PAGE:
Dept. of Ed. to investigate Title IX violation accusations at U of M, Wayne State
The U.S. Department of Education is investigating two complaints of discrimination against men: one at the University of Michigan, and one at Wayne State University.
Mark Perry is a professor of economics at U of M Flint. In June 2018, he filed a complaint against the University to the Department of Education’s Office for Civil Rights.
Perry claims men at U of M are discriminated against on the basis of sex. Perry says the University offers resources, funding, programs, and scholarships exclusively to women. He alleges U of M allows externally-funded programs to use campus space and resources for women’s only events.
Perry is also accusing Wayne State of violating Title IX by hosting a summer workshop for the nonprofit Black Girls CODE because it was only open to girls 13 to 17. He says that is discriminatory against boys.
The Office for Civil Rights (OCR) is in charge of investigating Title IX complaints against academic institutions that receive federal financial assistance from the Department of Education. They have agreed to investigate both complaints. You can view the Department of Education's U of M document here.
Perry claims U of M did not take his allegations seriously. Before he filed the complaint with the OCR, Perry says he went to university officials. OCR will look into "whether the University failed to provide prompt and equitable resolution."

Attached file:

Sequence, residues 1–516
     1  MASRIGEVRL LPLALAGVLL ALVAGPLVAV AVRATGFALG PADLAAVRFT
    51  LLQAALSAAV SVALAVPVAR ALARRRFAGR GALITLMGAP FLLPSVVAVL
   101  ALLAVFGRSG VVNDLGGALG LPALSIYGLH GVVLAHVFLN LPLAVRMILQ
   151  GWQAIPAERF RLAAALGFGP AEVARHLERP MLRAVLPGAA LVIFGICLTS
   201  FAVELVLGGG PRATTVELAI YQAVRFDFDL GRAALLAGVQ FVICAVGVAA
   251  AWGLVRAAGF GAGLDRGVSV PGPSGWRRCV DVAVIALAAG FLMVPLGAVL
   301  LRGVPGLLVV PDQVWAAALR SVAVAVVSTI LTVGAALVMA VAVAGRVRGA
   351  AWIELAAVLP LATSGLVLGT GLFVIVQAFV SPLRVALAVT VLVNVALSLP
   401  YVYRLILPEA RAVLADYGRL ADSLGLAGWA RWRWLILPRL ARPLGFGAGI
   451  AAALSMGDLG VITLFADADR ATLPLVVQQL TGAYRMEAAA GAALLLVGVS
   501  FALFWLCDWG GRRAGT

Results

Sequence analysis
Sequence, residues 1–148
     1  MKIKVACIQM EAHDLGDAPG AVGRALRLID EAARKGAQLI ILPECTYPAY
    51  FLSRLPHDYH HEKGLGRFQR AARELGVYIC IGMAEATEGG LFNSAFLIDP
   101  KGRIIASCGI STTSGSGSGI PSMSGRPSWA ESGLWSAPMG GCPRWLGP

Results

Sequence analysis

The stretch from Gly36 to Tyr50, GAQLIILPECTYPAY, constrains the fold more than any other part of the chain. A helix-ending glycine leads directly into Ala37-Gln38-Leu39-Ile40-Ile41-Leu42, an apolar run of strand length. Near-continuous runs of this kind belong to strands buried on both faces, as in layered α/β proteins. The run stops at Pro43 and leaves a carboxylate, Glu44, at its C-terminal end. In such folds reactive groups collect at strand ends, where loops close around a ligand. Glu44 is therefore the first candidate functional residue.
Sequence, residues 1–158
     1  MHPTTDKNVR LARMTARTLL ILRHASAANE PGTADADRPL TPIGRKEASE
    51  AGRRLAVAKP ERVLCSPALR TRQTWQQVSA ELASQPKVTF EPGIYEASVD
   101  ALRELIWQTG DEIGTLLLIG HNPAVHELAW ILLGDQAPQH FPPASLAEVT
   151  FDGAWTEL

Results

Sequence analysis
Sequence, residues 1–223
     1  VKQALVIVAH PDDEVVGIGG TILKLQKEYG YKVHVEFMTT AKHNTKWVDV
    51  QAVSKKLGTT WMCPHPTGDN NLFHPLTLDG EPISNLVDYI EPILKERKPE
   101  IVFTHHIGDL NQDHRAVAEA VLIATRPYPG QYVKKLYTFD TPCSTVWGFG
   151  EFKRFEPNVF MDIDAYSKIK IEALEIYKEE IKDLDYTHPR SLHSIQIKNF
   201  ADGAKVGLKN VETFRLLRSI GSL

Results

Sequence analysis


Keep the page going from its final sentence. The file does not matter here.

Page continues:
He did the same with WSU, going to the school's Title IX office before taking his complaint to the OCR.
Perry told the Detroit News he has lodged 35 complaints against universities throughout the U.S.
U of M spokesman Rick Fitzgerald says the university has no comment until it receives official notice of the complaint.
WSU Director of Communications Matt Lockwood told The South End the university is not in violation of Title IX or any other law that prohibits discrimination based on sex.
“WSU hosts co-educational programs in coding and other STEM fields similar to Black Girls Code for both girls and boys,” Lockwood said in a statement to The South End. “In addition, Black Girls Code allows girls from all racial backgrounds to participate in its programs.”
This story was orinigally published on January 25 and was updated on February 19.
A previous version of this story stated Mark Perry was "suing" the universities. A correction has been made and we regret the error.